’Every day I’m anxious something will go wrong’
KENDALL Gilding is pregnant with her first child following a "scary and isolating" two-year struggle with infertility.
The popular Channel 7 news presenter, 28, and her schoolteacher husband Tim Morgan, 32, revealed to The Sunday Mail they were expecting their "miracle" baby in August after a difficult journey involving surgery and multiple treatments including IVF.
Gilding, who is 14 weeks pregnant tomorrow, said she had been afraid to truly celebrate the couple's happy news before now because they had such a hard time falling pregnant followed by a challenging first trimester during which she thought she had lost the baby on multiple occasions after suffering "massive bleeds".
"Even though I was pregnant, that only felt like the beginning of the hurdles because I knew the miscarriage rates and that the first trimester was unpredictable so I've been so cautious the entire time," she said.
"Even with my family, they were so excited and my words were, 'Well, let's not get too excited, let's get to 12 weeks and then we can actually celebrate.'
"It is really hard, I had the 13-week scan and you think, 'Yep there's the baby, it's alive, we've made it,' but I still live every day a bit anxious that something is going to go wrong."
Gilding, who is keeping the sex of her unborn child a surprise, said that after months of trying to conceive naturally in 2017, specialists diagnosed her with the "double whammy" of endometriosis and polycystic ovary syndrome.
"I remember at 26 thinking 'I've got a great job, I love my job, I've got a great marriage, I love my husband and now the next thing is I want a baby,' and you just don't always get what you want," she said.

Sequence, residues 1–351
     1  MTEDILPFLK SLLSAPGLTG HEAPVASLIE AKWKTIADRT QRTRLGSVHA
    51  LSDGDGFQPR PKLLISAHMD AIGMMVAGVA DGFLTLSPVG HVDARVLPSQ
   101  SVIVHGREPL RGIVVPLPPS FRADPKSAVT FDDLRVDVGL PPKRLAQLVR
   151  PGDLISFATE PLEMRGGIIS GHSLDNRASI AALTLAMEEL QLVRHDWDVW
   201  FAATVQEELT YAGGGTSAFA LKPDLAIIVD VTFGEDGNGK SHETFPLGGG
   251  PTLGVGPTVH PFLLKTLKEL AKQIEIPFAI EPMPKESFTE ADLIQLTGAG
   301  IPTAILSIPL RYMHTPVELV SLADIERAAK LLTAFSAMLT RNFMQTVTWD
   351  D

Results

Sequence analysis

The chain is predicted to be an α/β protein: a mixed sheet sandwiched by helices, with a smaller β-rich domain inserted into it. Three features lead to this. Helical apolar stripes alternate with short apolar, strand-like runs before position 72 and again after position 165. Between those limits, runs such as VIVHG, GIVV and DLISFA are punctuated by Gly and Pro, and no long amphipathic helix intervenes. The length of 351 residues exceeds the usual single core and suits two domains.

"We were so excited and then it was just like we started hitting walls."
Gilding underwent surgery to remove widespread endometriosis in the midst of her duties as the Brisbane Winter Racing Carnival ambassador last year, scheduling the procedure for between two major event appearances.
"I remember on Stradbroke Day turning up and still just feeling so bloated because I'd only just had the surgery," she said,
"(I found out) I was definitely not going to fall pregnant naturally without divine intervention in that scenario."
Gilding, who said the couple spent $30,000 on medical care last year in their effort to have a baby, underwent four rounds of a less invasive fertility treatment called intra uterine insemination before doctors told her she would need to do IVF to fall pregnant.
"I'm very young and I think that's what shocked me the most," she said.
"IVF is scary and the saddest part about it is you really can't talk to people because what you're going through is really quite dramatic and also very private. I couldn't tell people at work I was trying to fall pregnant and so I remember feeling really isolated."
Gilding said she struggled privately with the emotional toll of the invasive treatment as well as the uncomfortable physical symptoms.
"There were so many things like that going on behind the scenes for me and I was at work trying to pretend everything was normal - infertility is a lonely road and we don't talk about it enough culturally," she said.